The term "Joseph style" or Josephinism, as it is generally known (named after Joseph II, the Austrian emperor from 1765, son of Maria Theresa), refers to Austrian late rococo art from 1760 to 1780/90. It can be compared to Louis-Seize or the late rococo style, and was a combination of classical and late baroque influences. The gradual adoption of the new style was first evident in interiors, as exemplified in the Vieux-Laque Zimmer in the Schloss Schönbrunn, which was redecorated in 1765 at Maria Theresa’s behest. Decor and furniture were characterised by symmetrical and straightened forms, by fluted, pointed legs, as well as symmetrical, often linear or geometric inlay ornament. The furniture can be distinguished from its French counterparts by its less ostentatious and intricate design.
Josephinist painting appropriated classical characteristics, but the late baroque style proved itself the most dominant. Key exponents of Josephenist painting include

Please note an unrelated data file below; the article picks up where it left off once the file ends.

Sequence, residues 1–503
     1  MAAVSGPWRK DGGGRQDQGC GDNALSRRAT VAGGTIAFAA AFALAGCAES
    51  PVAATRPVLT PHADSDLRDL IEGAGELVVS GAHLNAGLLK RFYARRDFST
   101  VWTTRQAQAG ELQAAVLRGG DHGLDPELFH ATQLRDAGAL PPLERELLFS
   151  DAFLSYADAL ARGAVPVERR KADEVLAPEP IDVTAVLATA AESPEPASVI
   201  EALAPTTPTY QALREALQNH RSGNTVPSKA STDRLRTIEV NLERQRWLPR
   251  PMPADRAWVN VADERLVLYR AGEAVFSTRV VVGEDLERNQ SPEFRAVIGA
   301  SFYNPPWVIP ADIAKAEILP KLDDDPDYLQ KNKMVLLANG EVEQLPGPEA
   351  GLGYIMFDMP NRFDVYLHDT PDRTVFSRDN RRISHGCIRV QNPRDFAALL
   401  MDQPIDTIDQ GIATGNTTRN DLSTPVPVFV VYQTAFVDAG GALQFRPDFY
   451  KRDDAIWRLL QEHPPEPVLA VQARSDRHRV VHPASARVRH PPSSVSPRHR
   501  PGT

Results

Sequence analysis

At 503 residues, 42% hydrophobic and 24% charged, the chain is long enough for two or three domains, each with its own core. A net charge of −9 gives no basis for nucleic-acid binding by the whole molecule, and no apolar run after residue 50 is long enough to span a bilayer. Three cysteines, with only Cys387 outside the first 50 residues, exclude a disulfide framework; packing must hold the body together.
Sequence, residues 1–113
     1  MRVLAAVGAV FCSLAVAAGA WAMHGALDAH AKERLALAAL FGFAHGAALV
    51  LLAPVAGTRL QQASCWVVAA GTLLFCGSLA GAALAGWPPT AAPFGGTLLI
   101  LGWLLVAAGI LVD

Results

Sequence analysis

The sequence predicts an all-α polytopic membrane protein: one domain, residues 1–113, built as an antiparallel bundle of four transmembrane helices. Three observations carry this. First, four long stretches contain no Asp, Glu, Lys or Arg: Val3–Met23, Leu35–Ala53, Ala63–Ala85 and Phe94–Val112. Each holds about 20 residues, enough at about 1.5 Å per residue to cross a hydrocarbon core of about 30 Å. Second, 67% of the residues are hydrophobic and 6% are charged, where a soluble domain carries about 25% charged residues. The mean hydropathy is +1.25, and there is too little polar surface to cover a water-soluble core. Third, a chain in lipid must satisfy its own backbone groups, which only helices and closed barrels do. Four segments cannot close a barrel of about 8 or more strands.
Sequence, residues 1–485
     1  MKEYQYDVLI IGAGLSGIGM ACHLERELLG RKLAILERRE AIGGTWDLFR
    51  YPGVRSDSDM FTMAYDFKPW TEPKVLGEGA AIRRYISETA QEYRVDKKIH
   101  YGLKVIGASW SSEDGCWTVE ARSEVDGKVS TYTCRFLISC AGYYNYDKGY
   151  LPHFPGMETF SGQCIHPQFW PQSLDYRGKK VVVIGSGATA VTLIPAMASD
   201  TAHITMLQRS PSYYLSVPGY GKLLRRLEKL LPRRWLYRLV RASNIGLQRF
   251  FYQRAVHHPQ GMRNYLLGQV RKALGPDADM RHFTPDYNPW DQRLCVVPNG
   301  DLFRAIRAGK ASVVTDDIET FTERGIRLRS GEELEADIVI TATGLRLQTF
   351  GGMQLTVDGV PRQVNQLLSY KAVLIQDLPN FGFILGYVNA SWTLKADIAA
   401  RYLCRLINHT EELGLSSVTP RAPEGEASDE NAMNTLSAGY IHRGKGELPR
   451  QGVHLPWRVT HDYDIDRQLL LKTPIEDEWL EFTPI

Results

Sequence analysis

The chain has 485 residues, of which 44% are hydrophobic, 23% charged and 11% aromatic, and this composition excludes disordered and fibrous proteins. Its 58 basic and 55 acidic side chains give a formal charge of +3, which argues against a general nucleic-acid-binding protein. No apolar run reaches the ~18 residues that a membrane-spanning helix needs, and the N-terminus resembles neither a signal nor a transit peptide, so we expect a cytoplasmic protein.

Johann Ignaz Zimbal, and the interior designer Johann Baptist Wenzel Bergl. Johann Christian Brand was an important landscape painter of the period. The new movement also influenced Simon Troger followers, although only in their adoption of classical principles (in the emphasis on individual figures, for example). Heinrich Friedrich Füger and the sculptor Franz Anton von Zauner were active at the end of the epoch and its transition into classicism. Von Zauner's work was directly linked to Georg Raphael Donner’s style and his followers.